"'What an absurd existence ours is!' he thought. 'Unhappiness, money, hatred, honour—they are all nothing. . . . Here is the truth, the reality! . . . Natasha, my little dove! . . . Let us see if she is going to reach that B? . . . She has reached it, thank God!'
"And to emphasise the B he sung the third octave below it in accompaniment.
"'How splendid! I have sung it too,' he cried, and the vibration of that octave awoke in his soul all that was best and purest. Beside this superhuman sensation, what were his losses at play and his word of honour? . . . Follies! One could kill, steal, and yet be happy!"
Nikolas neither kills nor steals, and for him music is only a passing influence; but Natasha is on the point of losing her self-control. After an evening at the Opera, "in that strange world which is intoxicated and perverted by art, and a thousand leagues from the real world; a world in which good and evil, the extravagant and the reasonable, are mingled and confounded," she listened to a declaration from Anatol Kouraguin, who was madly in love with her, and she consented to elope with him.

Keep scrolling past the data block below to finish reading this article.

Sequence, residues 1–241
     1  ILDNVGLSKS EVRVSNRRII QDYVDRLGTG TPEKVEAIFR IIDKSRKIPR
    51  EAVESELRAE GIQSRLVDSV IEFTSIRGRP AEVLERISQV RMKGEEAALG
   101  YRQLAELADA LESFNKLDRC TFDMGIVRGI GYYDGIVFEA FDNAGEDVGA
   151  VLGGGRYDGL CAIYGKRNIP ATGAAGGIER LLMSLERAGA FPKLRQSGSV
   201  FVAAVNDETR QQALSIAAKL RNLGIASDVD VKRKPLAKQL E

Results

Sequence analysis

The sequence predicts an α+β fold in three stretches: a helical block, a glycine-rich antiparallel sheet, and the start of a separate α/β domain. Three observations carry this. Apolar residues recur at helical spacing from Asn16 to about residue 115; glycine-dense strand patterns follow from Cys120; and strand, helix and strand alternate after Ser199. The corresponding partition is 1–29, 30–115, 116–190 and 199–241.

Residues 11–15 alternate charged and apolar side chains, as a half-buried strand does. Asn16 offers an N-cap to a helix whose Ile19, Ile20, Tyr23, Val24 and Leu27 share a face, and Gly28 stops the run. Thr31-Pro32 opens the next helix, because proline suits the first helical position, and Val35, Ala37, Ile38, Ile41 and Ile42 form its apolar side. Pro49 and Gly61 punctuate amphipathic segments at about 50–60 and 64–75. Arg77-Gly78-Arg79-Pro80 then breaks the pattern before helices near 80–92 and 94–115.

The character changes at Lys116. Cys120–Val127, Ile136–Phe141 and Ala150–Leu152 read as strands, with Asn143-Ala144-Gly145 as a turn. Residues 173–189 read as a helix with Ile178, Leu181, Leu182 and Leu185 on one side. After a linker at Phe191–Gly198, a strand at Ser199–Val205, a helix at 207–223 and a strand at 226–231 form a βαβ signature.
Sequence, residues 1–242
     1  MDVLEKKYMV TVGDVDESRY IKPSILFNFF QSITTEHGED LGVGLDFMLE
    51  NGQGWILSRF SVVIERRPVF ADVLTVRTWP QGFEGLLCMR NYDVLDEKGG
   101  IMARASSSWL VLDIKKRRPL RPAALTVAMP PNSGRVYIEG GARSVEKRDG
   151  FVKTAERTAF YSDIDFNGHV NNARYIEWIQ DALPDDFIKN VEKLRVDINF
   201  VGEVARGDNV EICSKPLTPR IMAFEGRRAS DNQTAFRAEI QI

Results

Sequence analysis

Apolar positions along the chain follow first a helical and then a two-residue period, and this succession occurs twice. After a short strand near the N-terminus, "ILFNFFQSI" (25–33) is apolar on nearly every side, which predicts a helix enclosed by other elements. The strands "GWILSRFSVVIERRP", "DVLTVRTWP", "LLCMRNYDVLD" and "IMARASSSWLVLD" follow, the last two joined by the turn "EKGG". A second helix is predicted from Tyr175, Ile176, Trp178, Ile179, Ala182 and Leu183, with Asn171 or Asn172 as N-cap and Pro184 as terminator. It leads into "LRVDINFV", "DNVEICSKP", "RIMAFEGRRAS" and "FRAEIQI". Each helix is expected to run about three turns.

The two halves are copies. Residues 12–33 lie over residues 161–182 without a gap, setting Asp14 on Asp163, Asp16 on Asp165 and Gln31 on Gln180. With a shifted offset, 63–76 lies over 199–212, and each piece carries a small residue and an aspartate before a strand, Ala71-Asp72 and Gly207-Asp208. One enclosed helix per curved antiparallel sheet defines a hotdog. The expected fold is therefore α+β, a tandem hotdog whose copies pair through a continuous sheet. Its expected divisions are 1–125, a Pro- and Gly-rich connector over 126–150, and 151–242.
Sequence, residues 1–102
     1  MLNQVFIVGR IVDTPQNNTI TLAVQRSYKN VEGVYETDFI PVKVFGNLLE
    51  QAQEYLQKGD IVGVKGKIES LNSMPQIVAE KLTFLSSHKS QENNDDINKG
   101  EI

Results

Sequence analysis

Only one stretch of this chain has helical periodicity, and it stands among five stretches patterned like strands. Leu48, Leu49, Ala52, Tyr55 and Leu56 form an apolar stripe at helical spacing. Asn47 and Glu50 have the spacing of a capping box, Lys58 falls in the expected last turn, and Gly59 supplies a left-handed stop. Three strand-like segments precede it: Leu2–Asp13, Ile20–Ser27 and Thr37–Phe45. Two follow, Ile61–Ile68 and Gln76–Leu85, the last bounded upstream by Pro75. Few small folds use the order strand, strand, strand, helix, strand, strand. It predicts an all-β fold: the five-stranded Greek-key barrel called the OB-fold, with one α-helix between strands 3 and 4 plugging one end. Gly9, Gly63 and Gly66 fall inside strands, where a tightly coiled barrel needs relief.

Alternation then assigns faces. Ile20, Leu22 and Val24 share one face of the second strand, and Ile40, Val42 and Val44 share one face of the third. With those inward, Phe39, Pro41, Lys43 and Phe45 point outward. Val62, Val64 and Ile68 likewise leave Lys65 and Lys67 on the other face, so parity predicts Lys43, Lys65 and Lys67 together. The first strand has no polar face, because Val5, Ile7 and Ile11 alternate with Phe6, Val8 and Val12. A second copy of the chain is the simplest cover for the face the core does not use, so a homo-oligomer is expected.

The older Tolstoy grew, the more he feared music. A man whose influence over him was
- But he never ceased to love it. One of the friends of his later years was a musician, Goldenreiser, who spent the summer of 1910 near Yasnaya. Almost every day he came to play to Tolstoy during the latter's last illness. (Journal des Débats, November 18, 1910.)